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Mumbai property market gets it mojo back after coronavirus lockdown

Up to 20 residential transactions registered in June at India’s priciest real estate market are valued at over Rs 10 crore.

Property buyers came out of hiding in Mumbai, India’s priciest real estate market, to boost the sagging fortunes of a segment crippled by the coronavirus lockdown.

A raft of transactions for commercial and residential properties were finalised in the Mumbai registration and stamp duty department after it reopened for business on May 18.

At least 1,642 documents such as agreements of sale, mortgages and tenancy as well as sale deeds valued at Rs 176 crore were registered in May and June, according to data shared by the stamp duty department of Mumbai.

Though many of these agreements were simply waiting to be signed after the registration and stamp duty department reopened, the pace of deals signals a recovery in the Mumbai real estate market.

Compare the May and June deals with the transactions before the lockdown. Up to 4,073 documents were registered and Rs 194 crore collected in March before the lockdown. In April, when the lockdown set in, there were zero registrations, an unprecedented event in Mumbai, India’s financial hub and India’s richest municipality.


Roughly 20 residential transactions registered in June were valued at more than Rs 10 crore, brokers in the know told Moneycontrol. Below are the notable deals:

1. Romesh Sobti, a former managing director of IndusBank, bought two sea-view apartments in Oberoi Realty’s uber luxury project in Mumbai’s Worli at Rs 38.15 crore. These properties were registered at Rs 4.60 crore each.

2. In June, a buyer bought a property in an Indiabulls project in Lower Parel for Rs 15.2 crore and registered it for Rs 76 lakh.

3. A unit in a project named The Residences by Runwal Developers in Malabar Hill was sold for Rs 25.47 crore and registered for Rs 1.27 crore in June, brokers privy to the registration details said.

4. A 3,261 sq ft property in Artesia project in Worli by K Raheja Corp was bought for Rs 19 crore and registered for Rs 95 lakh, according to brokers.

In housing, the number of registrations bounced back by 33 percent with 1,250 transactions in June. In value terms, these sales are worth roughly Rs 1,920 crore, said people familiar with the matter. The Mumbai registration and stamp duty department also amassed Rs 2,581 crore in 2019-2020 compared with the targeted Rs 2,630 crore for both commercial and residential properties.

That was fast

As it happened, housing deals began on a strong note at the start of the year. In January and February, there were 4,300 and 4,250 transactions — 6-8 percent higher than the monthly average — valued at around Rs 5,750 crore each, according to statistics by CRE Matrix, a real estate intelligence firm.

The transactions halved to 2,500, or Rs 3,000 crore, in March 2020 as a slowing economy and coronavirus fears smothered the market.

“The uptick in transactions is promising given that we are still grappling with the COVID-19 pandemic and a vaccine is yet to be found,” says Abhishek Kiran Gupta, CEO of CRE Matrix.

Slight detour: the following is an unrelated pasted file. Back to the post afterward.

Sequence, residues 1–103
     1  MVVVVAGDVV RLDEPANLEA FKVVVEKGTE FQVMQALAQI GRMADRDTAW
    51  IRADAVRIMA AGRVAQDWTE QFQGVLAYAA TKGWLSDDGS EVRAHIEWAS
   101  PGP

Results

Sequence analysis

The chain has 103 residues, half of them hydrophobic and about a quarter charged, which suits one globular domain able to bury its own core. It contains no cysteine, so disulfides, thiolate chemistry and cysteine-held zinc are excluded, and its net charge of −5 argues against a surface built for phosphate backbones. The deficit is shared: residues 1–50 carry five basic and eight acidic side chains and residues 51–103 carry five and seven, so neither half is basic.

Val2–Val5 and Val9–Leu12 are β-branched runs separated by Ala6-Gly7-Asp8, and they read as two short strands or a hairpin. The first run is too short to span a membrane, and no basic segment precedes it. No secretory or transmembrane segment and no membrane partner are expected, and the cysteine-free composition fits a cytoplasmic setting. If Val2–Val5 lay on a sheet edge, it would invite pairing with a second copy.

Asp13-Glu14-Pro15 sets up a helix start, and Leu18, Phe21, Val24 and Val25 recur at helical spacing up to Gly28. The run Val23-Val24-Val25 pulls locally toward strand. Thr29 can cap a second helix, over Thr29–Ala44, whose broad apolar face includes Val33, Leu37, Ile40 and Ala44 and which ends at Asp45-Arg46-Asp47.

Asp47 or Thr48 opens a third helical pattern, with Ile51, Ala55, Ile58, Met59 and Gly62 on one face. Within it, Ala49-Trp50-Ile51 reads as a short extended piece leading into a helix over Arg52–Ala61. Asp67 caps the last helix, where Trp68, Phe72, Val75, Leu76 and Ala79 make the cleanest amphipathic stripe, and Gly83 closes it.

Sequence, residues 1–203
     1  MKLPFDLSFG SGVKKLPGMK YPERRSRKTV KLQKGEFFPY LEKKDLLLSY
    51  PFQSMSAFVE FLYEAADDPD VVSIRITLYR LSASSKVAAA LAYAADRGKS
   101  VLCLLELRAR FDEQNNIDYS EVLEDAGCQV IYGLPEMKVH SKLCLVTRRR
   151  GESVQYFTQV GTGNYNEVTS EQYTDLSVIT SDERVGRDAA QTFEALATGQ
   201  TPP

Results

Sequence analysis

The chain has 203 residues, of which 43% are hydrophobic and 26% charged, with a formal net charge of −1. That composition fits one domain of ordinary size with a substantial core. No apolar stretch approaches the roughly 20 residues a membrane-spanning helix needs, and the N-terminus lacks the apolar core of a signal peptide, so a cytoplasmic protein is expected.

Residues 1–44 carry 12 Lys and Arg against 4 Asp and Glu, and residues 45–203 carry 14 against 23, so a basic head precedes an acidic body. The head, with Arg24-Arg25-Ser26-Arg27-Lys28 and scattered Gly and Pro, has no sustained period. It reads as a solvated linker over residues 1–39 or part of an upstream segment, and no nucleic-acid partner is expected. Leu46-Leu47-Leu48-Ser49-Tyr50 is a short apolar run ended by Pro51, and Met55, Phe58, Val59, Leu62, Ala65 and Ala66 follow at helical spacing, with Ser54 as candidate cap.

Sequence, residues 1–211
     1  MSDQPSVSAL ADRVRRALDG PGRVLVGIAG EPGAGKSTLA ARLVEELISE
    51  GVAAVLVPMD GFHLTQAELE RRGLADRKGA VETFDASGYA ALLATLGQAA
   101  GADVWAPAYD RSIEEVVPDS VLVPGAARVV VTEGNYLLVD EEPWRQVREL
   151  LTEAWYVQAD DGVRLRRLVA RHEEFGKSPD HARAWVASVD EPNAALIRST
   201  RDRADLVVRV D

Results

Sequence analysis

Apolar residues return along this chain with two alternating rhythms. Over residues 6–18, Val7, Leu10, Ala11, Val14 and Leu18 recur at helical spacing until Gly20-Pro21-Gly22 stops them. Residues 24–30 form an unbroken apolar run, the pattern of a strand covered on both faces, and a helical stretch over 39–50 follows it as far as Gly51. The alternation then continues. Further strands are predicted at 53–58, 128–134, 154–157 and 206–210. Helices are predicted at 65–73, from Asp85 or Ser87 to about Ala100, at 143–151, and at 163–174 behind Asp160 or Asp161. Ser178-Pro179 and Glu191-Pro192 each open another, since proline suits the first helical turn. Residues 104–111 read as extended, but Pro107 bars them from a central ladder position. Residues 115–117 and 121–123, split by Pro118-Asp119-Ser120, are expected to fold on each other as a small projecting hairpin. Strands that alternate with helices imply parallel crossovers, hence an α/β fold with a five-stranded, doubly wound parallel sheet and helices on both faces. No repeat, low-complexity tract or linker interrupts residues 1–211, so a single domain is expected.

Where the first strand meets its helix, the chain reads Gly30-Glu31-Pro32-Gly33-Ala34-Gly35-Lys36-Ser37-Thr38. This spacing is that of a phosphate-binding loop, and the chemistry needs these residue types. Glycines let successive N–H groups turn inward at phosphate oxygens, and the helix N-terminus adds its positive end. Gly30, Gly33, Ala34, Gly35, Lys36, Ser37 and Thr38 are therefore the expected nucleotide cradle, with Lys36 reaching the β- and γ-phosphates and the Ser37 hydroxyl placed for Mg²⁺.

But there is a caveat …

A section of industry experts said some of the deals registered after reopening may have already been finalised earlier and both buyers and sellers may have been waiting for the sub-registrar offices to reopen. Some deals may have been the result of discounts or incentives offered by developers for a limited period, they said.

Several property transactions were closed in the last quarter of 2019 but registrations were still pending. “The registration taking place now do not mean that the deals are taking place during COVID-19. As many as 60 percent of registrations concern deals that may have taken place pre-COVID,” said Ritesh Mehta, Senior Director & Head - West India, Residential Services, JLL India.

A buyer is usually given three to six months to make payments and register the property. Registrations that were to take place in February and March had to be postponed on account of COVID-19 and the subsequent lockdown. “Those registrations are taking place now,” he said.

In March, the Maharashtra government said it is reducing stamp duty on properties by 1 percent (from 6 percent) for Mumbai, MMRDA Region and Pune for two years.

Around 63 percent of the sale transactions in the Mumbai Metropolitan Region (MMR) during FY20 were at a 20 percent premium to ready reckoner (RR) rates, according to a recent study by Propstack, a data analytics firm.  Propstack analysed ready reckoner premiums in MMR based on 38,000 sale transactions.

Around 8 percent deals during the year-ended March were below the RR rates. The highest percentage of transactions, below the RR rate, were in south and central Mumbai at 23 percent and 16 percent, respectively, according to the data.

RR rates —  also known as circle rates or guidance values — are the minimum values set by a state government below which a property cannot be registered. Each area within a city has its own RR rate on which stamp duty is calculated.

To align circle rates with the actual market prices, most state governments previously regularly reviewed and increased the RR rates in cities either year-on-year or in two years. However, market values increased only marginally in the same period.

Another report by real estate consultant ANAROCK said the average housing price quoted by developers across major cities are higher by 6-75 percent than the government's circle rates, the value at which stamp duties are paid and properties registered.

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Vandana Ramnani
first published: Jul 11, 2020 02:37 pm
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